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Permaculture - Farms for the Future / Permacultura - Agricultura do Futuro

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I always think ... is the most beautiful place on Earth. And to me, this is a very special farm because is where I grew up. And is the only place I ever really called home. My name is Rebecca Hosking. And I from a long line of farms. But it was the wild life here more than farming that really fascinated me as a child. And this let me into a career of a wildlife filmmaker. But now I'm back here to be a farmer in very interesting times. An approaching energy crises, we'll likely force a revolution in farming, and change the British countryside forever. It will affect what we eat, where it comes from and even the alarming question of whether there will be enough food to keep us fat. If our farms survive, it will have to change. In this film, I'm gonna find out how to make my family farm into heaven. A farm that's fit for the future. A Farm For The Future And than when people find out that I was brought up on a small south devon farm, they always thinking that I must have had the most amazing childhood ever. When I think back to when I was brought up here, I just think of a load of a bloody hard work really. We were just small time farmers. And with that, is envolve not much money and a lot of hard work to the point that it's almost drudgery. Dad often describes farmers as glorified lover tree intendents. In my family, like many farming families, I think happen down on country, wanted something better for their children and I was actively encouraged to get out of farming, go and find a job, go and make a decent living. So that's what I did. And while I was away pursuing my career, my Dad ... carried on as ever, farming in a pretty traditional way. But now, it's time for me to come back.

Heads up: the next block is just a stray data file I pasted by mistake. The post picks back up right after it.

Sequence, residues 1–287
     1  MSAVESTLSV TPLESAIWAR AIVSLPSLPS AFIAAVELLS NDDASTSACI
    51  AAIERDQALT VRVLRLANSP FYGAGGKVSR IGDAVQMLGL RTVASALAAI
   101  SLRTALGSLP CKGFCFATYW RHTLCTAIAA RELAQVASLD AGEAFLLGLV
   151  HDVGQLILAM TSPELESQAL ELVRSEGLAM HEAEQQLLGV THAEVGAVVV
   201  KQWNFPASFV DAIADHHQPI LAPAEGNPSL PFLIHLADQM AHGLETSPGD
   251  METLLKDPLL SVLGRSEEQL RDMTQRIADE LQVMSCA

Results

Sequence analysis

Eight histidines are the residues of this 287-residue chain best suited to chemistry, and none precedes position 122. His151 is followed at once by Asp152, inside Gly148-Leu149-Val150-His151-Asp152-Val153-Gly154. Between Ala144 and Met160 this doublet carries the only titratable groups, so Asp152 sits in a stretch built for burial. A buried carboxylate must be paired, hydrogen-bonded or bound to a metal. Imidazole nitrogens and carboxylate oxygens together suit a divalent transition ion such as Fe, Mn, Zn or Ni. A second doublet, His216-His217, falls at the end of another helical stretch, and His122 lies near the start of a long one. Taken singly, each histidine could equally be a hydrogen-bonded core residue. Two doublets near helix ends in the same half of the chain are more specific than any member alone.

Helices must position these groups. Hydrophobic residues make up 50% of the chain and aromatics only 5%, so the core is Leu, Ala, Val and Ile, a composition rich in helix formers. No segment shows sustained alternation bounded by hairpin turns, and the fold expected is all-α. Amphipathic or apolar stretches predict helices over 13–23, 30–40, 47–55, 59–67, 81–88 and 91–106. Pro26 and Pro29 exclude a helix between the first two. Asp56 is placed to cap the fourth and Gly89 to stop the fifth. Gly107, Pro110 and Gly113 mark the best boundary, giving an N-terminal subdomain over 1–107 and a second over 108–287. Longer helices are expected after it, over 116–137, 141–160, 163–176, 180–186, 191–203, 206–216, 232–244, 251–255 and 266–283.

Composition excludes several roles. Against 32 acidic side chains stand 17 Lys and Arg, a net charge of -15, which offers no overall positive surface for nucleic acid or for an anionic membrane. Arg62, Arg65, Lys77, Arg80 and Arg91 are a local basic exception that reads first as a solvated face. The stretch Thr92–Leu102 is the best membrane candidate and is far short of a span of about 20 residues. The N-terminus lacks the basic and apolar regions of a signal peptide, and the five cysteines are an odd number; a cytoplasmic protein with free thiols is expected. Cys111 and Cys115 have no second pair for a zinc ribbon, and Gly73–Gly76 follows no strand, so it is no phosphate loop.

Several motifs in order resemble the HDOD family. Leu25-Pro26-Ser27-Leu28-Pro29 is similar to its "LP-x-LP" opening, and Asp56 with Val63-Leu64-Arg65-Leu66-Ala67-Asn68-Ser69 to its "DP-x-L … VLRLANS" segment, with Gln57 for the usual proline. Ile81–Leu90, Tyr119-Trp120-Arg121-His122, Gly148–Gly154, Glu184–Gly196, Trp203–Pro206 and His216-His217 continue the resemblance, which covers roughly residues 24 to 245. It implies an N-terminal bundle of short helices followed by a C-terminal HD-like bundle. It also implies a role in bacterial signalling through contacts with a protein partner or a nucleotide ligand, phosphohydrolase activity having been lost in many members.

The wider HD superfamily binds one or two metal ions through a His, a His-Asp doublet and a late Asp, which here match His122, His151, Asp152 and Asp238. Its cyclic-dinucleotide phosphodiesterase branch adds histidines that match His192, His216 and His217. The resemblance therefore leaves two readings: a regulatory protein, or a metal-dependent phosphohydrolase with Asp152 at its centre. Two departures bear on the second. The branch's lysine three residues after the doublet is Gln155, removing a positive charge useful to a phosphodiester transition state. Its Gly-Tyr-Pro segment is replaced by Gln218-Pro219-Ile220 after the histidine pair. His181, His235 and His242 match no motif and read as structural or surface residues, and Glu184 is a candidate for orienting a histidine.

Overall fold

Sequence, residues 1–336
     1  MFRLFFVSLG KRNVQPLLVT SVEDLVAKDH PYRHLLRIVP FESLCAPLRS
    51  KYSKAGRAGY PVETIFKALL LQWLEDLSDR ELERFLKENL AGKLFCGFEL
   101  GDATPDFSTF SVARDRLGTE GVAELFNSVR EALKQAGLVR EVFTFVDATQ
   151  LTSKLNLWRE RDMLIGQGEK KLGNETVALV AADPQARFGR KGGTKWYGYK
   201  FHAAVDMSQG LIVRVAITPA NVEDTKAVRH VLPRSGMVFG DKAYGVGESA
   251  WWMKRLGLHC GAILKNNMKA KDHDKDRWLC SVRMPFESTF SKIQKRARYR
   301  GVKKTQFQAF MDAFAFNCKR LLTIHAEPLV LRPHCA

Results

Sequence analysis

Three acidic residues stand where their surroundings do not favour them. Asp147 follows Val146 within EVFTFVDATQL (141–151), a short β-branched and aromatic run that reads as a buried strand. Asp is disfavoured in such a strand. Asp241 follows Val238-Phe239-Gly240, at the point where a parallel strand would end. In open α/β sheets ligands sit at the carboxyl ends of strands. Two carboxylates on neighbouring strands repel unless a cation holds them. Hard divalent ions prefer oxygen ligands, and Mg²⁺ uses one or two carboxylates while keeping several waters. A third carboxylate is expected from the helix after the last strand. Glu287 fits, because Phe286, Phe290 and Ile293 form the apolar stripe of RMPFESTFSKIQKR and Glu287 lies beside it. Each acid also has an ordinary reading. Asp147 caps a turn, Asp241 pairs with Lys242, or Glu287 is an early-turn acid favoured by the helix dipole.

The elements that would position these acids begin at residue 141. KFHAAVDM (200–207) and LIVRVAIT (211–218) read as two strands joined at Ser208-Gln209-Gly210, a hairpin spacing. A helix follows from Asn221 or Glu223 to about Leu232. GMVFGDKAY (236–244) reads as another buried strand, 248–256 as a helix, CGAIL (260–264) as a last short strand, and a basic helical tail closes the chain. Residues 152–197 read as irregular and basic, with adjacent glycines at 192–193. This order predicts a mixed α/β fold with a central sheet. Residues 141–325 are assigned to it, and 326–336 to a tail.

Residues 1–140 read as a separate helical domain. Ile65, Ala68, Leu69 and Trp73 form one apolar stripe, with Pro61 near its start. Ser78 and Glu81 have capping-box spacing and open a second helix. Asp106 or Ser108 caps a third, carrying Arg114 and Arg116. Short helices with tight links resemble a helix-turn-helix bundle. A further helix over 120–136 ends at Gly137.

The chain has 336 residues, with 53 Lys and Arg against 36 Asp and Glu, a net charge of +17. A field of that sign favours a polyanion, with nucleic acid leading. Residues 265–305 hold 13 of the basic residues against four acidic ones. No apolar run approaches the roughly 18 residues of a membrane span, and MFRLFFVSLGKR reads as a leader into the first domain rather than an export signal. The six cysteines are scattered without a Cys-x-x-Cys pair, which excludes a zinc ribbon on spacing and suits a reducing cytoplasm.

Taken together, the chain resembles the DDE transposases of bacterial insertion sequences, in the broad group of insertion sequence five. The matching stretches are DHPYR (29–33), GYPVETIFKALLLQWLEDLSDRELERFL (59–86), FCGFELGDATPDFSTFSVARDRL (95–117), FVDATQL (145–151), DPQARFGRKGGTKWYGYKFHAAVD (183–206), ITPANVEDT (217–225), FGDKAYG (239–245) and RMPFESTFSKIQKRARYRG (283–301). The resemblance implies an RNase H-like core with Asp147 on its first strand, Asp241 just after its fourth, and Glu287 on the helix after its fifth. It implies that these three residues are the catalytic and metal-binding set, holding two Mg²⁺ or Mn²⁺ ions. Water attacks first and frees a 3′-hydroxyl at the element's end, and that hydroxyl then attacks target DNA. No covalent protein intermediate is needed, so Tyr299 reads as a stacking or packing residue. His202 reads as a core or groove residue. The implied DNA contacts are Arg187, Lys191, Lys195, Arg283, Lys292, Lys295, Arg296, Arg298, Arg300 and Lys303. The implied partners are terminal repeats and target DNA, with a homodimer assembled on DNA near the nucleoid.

Video Details

Duration: 48 minutes
Country: United Kingdom
Language: English
Views: 284
Posted by: zeitgeistportugal on Apr 12, 2010

More than 96 per cent of all the food grown in Britain is reliant on synthetic fertiliser. Without it there would be serious trouble.

But without artificial fertiliser there's not enough nutrients for the crops to grow, and without ploughing there is nothing to aerate the soil. So how can we manage without them?

The answers are in nature. As Charles Darwin pointed out, earthworms have been ploughing and aerating the soil for millions of years. And as for fertilisers, just look at how a forest flourishes: by using the natural fertility created by billions of living microbes, fungi, plants and animals.

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